Several new variants of the renowned Bagel worm are making the rounds, but this time around they're incorporating...
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rootkit functions that make them more difficult to detect.
Worst yet, they could mark the beginning of an era in which most multigenerational malware can bury itself in hidden locations, downloading programs and capturing information for days or weeks without being discovered.
Glendale, Calif.-based Panda Software reported Tuesday that it has been tracking Bagle.HX, Bagle.HY and Bagle.HZ since Mar. 23. The trio, which spread via e-mail, attempts to download files from various Internet addresses, most being located in the .ru domain. Those files can include other malware.
According to Panda, once a machine is infected the worm makes a copy of itself in a process file called m_hook.sys, which is designed to eventually download and run keyloggers or other malicious programs.
Additionally, Helsinki-based F-Secure Corp in its blog Friday reported the discovery of Bagle.GE, which makes use of rootkit features to hide the processes and registry keys of Bagle.GF.
Patrick Hinojosa, CTO for Panda, said as with other Bagel variants, HX, HY and HZ attempt to shut down a computer's security software, and then seeks to sustain itself in secret using a rootkit.
"So even if you reactivate your security software," Hinojosa said, "it may not be seen or discovered."
Hinojosa noted that Bagel had already undergone a tremendous evolution since its early days as a run-of-the-mill worm, but these latest incarnations illustrate how the digital underground has taken hold of Bagle and altered it for much more nefarious purposes.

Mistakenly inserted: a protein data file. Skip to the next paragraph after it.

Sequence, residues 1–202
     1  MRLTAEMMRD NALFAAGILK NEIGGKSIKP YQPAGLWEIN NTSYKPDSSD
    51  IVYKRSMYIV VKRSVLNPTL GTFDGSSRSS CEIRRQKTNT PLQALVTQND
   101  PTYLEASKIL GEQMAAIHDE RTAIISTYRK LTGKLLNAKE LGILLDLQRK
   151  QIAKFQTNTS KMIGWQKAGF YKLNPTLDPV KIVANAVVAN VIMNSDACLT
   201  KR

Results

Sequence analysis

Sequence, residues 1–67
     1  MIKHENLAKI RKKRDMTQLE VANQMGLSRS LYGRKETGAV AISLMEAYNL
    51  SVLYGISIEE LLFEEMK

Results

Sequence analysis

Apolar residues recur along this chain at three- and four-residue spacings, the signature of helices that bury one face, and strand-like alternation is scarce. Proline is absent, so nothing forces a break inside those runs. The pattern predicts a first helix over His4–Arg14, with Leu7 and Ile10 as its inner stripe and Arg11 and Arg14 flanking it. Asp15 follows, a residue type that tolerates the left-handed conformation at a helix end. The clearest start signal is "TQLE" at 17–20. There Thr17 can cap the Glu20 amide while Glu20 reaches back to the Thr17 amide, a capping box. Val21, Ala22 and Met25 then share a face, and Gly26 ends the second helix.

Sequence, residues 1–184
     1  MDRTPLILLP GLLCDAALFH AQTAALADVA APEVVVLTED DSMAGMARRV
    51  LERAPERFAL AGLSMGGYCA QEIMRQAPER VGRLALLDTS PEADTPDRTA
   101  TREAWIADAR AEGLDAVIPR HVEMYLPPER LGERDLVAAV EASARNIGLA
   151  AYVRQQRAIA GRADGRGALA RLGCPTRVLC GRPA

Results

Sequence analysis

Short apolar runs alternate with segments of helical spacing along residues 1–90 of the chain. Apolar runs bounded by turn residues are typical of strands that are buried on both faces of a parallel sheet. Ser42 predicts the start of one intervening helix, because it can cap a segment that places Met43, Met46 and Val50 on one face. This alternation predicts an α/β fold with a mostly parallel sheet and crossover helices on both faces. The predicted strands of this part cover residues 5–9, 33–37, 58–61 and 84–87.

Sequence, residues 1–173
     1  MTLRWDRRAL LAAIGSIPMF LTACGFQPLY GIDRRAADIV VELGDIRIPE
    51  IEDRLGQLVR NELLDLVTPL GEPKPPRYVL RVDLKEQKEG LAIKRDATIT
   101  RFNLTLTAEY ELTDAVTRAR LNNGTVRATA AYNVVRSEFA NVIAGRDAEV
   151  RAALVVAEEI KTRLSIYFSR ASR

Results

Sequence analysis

While these versions have not spread far, Hinojosa said they have the feel of a test run. "I think they're sending it out and testing the code to see if it's going to be successful" in future attacks, he said.
Hinojosa said that if enterprises aren't already aware of the threat posed by rootkits, then this should serve as a wake-up call. He said attackers have realized that for relatively little time and trouble it takes to include rootkits, they can significantly extend the life and severity of malware.
"If you've got this [malware] on a machine that has decent financial data on it, there's an ROI to having a rootkit in it to keep it alive on the system longer," Hinojosa said. "With minimal effort, you're going to really extend the life cycle of the software, which is going to add up to more money for the attacker."
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